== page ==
Q. I have several white spots under one of my eyes. These are very hard and some of them are bigger and flatter than others. I've been told by some beauticians that these may be milia, and that they are the result of excessive moisturisation of the area. They suggest steam and extractions by very fine needles. Are they correct and should I go along with their suggestion or should I see a dermatologist instead?
A. Milia are tiny pearly white or yellowish skin cysts that contain a substance called keratin. The commonest place for them to occur is around the eyes. Milia are usually only 1-2mm across, so if yours are larger they may not be milia. Another similar skin problem around the eyes is caused by raised levels of cholesterol. These spots, called xanthelasma, tend to be yellower than milia, although they can look similar. Under the microscope, xanthelasma contain fatty deposits. Milia are caused by blocked skin and sweat pores. The normal secretions of the skin get trapped, causing a white deposit to develop. It is not necessary to treat milia, but they can be opened with a sharp sterile needle and the keratin can be removed. Unfortunately, they can form again if the pore is damaged.
Am I bulimic?
Q. I have recently grown quite concerned about my eating habits. Although I have sought help from my GP, I do not feel there has really been enough time during a consultation to discuss the issue. As a student, it would also be difficult for me to finance any private professional help, so I would be grateful if you could suggest what I ought to do. According to my doctor I have an average body mass index and weight for an 18-year-old, and I try to exercise on alternate days (cycling or brisk walking). Nevertheless, for the last few years there have been many occasions when I would binge-eat frequently, and recently this seems to have escalated. Last October I started to induce vomiting to prevent weight gain following large intakes of food. I am ashamed of this. I am not sure if it is a result of stress from university or the feelings of depression I often have, but I am sure that I have lost a sense of balance - I find it difficult to stop eating between meals, especially when I am alone and not hungry.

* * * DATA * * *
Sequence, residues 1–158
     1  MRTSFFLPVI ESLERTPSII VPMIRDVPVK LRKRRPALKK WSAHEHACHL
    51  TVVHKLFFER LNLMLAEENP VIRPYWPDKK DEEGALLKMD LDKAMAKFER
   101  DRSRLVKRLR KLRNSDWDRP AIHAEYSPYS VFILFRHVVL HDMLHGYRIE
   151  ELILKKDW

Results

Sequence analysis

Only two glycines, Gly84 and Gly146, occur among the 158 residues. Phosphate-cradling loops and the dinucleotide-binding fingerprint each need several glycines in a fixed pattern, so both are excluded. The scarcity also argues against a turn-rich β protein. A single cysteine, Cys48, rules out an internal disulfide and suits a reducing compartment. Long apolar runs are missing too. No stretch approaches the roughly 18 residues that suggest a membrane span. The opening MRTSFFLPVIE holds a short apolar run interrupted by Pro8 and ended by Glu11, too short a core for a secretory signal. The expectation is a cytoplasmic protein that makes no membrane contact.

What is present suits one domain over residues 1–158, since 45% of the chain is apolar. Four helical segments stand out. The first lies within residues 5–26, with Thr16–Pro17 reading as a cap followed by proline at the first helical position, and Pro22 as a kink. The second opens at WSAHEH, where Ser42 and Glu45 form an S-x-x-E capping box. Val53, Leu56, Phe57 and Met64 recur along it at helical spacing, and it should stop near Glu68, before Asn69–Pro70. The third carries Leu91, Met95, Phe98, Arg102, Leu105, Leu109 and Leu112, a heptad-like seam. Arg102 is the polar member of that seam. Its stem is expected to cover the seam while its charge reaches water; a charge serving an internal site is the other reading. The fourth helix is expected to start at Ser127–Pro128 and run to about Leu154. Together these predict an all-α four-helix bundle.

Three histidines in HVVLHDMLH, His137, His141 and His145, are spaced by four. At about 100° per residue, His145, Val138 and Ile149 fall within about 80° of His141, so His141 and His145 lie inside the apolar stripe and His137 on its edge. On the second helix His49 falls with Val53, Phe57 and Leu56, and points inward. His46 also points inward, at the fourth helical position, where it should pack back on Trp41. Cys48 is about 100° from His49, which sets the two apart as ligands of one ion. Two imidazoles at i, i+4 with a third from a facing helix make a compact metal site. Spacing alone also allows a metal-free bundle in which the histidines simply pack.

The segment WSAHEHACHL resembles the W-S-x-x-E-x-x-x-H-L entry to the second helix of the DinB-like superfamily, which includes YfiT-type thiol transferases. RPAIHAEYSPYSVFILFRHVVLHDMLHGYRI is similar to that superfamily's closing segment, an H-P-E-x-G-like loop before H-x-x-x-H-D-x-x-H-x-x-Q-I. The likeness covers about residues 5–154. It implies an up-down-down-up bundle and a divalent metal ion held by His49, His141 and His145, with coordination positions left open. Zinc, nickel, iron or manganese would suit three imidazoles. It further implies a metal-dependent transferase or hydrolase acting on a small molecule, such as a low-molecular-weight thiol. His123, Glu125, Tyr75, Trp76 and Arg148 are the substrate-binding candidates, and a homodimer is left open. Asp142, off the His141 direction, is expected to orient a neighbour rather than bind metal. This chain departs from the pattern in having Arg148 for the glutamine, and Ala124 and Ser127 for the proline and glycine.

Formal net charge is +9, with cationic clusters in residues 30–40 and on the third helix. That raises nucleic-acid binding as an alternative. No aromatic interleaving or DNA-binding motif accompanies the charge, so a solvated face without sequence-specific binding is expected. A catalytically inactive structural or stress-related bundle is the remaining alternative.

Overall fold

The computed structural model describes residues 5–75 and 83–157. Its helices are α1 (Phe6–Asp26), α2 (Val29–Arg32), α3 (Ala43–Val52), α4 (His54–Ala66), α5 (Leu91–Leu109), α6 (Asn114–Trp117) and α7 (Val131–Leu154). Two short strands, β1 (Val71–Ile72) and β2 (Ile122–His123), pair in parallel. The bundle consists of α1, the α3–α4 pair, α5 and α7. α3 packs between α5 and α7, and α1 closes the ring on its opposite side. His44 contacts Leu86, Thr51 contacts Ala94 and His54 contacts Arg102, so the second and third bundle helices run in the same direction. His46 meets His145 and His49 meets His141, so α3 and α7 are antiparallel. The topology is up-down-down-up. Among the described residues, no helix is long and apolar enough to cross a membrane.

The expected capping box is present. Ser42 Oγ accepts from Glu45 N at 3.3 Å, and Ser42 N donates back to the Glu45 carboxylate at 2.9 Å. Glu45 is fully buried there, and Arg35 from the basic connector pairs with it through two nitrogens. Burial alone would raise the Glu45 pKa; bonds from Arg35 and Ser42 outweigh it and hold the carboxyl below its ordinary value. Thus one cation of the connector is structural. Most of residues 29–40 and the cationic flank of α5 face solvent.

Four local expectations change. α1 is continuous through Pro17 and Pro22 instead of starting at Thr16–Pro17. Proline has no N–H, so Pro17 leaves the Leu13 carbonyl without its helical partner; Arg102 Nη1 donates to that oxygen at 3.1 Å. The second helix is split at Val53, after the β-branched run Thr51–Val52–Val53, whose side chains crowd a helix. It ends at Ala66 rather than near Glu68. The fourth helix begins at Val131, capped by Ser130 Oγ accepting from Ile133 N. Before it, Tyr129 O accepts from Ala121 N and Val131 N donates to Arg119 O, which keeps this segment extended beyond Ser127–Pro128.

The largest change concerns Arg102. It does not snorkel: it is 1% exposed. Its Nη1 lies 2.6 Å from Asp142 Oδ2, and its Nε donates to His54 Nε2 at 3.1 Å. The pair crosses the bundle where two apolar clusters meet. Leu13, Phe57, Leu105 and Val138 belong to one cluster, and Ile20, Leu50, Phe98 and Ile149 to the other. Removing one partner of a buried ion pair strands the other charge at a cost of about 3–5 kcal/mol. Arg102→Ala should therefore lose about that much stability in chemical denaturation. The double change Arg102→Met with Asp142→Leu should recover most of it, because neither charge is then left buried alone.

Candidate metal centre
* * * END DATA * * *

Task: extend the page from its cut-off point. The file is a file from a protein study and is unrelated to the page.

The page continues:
A. You are describing many of the symptoms of bulimia. Binge-eating followed by induced vomiting, shame and guilt, stress and depression are all aspects of bulimia, an eating disorder that is remarkably common. Unlike anorexia, which causes severe weight loss, people with bulimia are often of normal weight. Some studies have shown that as many as 35 per cent of young women have had some symptoms of bulimia. Bulimia seems to have become more common, perhaps because of the stresses of modern life. I think you are right to seek help because bulimia can become a pattern of behaviour that is difficult to change. If you are a student, it is likely that your student health service has experience in helping people with eating disorders. Ask if you can be referred to a counsellor or therapist who is experienced in helping people with eating disorders. Your GP might be able to refer you. The other aspect of your health to consider are your feelings of depression. If these can be helped, your urges to eat and vomit may be easier to control. Get in contact with the Eating Disorders Association. Its website (www.edauk.com) contains a comprehensive database of experienced professionals and helpline numbers.
Q. Nutritional information on food packets lists the amount of "sodium" per 100 grams. Does this mean "salt" (sodium chloride), or does it just mean "sodium"? Medical advice warns us against high salt intake, so such vagueness is not very helpful.
A. Ordinary table salt is made up of both sodium and chloride. One gram of salt (sodium chloride) contains 0.39 grams of sodium and 0.61 grams of chloride. When a label says that it contains a certain amount of sodium, it means exactly that. So, for example, if a tin of baked beans contains 0.39 grams of sodium, it will also contain 0.61 grams of chloride, making a total of one gram of salt. The recommended daily intake of salt is 6 grams, which is the equivalent of about 2.3 grams of sodium. As a rule of thumb, multiply the sodium content by 2.5, to get the approximate salt content.
Have your say: Readers write
MW comments on fingers that keep developing blisters:
I'm an anaesthetist, not a dermatologist, but it sounds like your reader may have pompholyx (or dishydrotic) eczema. I had this for many years before I realised the triggers for me were fabric and hair conditioners. My father and brother both have this so there may be a familial element to mine. Unfortunately it's not much use for your correspondent as the mainstay of treatment is as for all eczema - avoiding triggers, emollients, topical steroids, and antibiotics for secondary infection. I found potassium permanganate soaks helped to dry up the blisters and antihistamines were useful for the itch. Avoiding any chemical allergens may be difficult, but their occupational health department should help.
Send your questions and suggestions to A Question of Health, 'The Independent', Independent House, 191 Marsh Wall, London E14 9RS; fax: 020-7005 2182; or e-mail: email@example.com. Dr Kavalier is unable to respond personally to questionsReuse content